The Waitstaff

“Can’t you just shoot them? Just shoot them in the legs or something?” That was Trump asking Mark Esper about shooting peaceful American protestors who were protesting racial injustice outside the White House. According to Esper’s book, Trump also asked about bombing Mexican drug labs: “We could just shoot some Patriot missiles and take out the labs, quietly. No one would know it was us.” These are just a couple of the many, many troubling things we’ve learned about Trump’s time in office. The details come out in dribs and drabs, usually timed to promote a book release. It’s clear that some folks in the administration had to keep Trump’s madness on the down-low so they could prevent him from acting on it while they held their positions. But what about after they resigned or were removed? As Tom Nichols explains, they had a duty to speak up before their book deals. “Esper, Mattis, Rex Tillerson, and many, many other people who crawled through the Shawshank sewer pipe that was the four years of the Trump administration needed to speak up the minute they were out. Instead, they teased their book bombshells or played coy games of slap and tickle on cable outlets. Sitting on crucial information about whether the president himself is a menace to the security of the United States—hello, John Bolton—is bad enough. But there is an assumption that undergirds this reticence that is shared by both former officials and the public, one that is inimical to our democracy: The officials who have not spoken up (even without a book deal) have been silent because they somehow seem to believe that things will just work out.”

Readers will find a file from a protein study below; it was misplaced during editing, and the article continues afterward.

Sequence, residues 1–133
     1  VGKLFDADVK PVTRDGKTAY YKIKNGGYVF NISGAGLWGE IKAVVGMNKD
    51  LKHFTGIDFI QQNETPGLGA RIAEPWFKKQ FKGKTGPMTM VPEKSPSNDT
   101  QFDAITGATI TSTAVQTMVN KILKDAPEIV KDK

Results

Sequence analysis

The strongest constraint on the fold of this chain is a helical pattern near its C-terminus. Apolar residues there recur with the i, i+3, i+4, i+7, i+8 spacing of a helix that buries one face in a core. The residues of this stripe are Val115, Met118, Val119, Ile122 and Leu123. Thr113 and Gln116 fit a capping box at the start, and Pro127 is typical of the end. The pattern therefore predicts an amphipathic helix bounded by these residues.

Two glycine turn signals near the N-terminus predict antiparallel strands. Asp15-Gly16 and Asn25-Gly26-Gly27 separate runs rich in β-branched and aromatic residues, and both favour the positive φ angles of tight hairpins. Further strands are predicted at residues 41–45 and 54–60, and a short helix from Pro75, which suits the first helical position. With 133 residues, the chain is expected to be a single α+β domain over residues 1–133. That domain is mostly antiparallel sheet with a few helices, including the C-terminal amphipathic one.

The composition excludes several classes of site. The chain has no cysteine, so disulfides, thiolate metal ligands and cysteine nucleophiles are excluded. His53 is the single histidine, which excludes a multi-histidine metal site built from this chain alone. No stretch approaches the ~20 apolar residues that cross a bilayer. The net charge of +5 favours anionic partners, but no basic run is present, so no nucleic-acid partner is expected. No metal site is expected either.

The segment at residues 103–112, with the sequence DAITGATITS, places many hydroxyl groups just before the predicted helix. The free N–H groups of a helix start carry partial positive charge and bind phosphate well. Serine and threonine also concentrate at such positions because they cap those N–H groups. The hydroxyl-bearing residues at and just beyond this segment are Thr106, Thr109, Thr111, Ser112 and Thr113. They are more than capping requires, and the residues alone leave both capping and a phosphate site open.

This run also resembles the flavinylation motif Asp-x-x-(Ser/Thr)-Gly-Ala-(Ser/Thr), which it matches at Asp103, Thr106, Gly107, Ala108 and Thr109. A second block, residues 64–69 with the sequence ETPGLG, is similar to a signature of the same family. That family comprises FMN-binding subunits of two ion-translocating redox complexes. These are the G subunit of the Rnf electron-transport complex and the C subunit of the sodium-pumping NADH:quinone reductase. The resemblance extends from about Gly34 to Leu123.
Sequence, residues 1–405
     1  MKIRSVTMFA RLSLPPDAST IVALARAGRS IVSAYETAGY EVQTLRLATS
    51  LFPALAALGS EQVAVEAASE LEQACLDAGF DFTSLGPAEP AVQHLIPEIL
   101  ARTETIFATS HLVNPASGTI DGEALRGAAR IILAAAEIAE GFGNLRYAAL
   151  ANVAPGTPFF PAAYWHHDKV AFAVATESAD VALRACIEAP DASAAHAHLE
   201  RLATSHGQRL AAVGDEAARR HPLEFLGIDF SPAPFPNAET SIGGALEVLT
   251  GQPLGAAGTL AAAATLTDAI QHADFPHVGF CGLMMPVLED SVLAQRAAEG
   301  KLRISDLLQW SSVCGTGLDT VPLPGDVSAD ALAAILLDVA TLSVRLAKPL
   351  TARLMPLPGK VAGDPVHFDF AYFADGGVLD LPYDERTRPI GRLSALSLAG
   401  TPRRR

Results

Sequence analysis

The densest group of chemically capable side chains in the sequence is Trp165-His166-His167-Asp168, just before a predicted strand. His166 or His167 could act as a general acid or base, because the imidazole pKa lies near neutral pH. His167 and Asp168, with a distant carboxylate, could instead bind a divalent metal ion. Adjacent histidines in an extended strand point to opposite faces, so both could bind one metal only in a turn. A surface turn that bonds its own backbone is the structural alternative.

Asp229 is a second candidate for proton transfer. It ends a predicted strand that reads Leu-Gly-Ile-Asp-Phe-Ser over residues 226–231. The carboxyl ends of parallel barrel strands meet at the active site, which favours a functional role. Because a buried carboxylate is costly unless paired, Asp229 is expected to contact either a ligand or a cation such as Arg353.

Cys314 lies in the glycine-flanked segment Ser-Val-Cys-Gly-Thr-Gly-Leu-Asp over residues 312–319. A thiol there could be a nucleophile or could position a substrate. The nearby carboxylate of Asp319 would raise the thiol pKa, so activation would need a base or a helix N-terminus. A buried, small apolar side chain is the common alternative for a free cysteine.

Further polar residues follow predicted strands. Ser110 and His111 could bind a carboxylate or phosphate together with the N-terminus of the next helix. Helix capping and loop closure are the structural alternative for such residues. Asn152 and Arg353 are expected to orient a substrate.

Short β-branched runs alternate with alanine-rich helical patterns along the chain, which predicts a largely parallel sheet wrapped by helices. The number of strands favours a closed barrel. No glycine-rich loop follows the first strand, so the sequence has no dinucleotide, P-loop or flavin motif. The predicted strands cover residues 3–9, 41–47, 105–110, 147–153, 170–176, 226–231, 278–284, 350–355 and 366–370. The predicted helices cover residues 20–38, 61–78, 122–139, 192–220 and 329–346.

Maybe a similar argument can be made when it comes to reporters who hold bombshells for books. I wrote about Bob Woodward’s decision to wait until his book Rage came out (months after he interviewed Trump) before letting Americans know that Trump knew full well how deadly Covid was and how it was spread. From Please Scream Inside Your Heart. “The excerpt from the Woodward book brought up an interesting debate about whether Bob Woodward should have spilled the details of his February interview with Trump the second he learned that the president was lying about a threat that would kill hundreds of thousands of Americans. It would have broken his agreement with the administration (the president understood these interviews were for a book and not for immediate publication) and could have impacted the access afforded to Woodward and future authors. So one can understand why Woodward would hold the information for the book . . . if this were an ordinary moment in history and an ordinary president. But neither was ordinary.” Or as Nichols suggests above: This is not an era of norms when we should all believe things will just work out.

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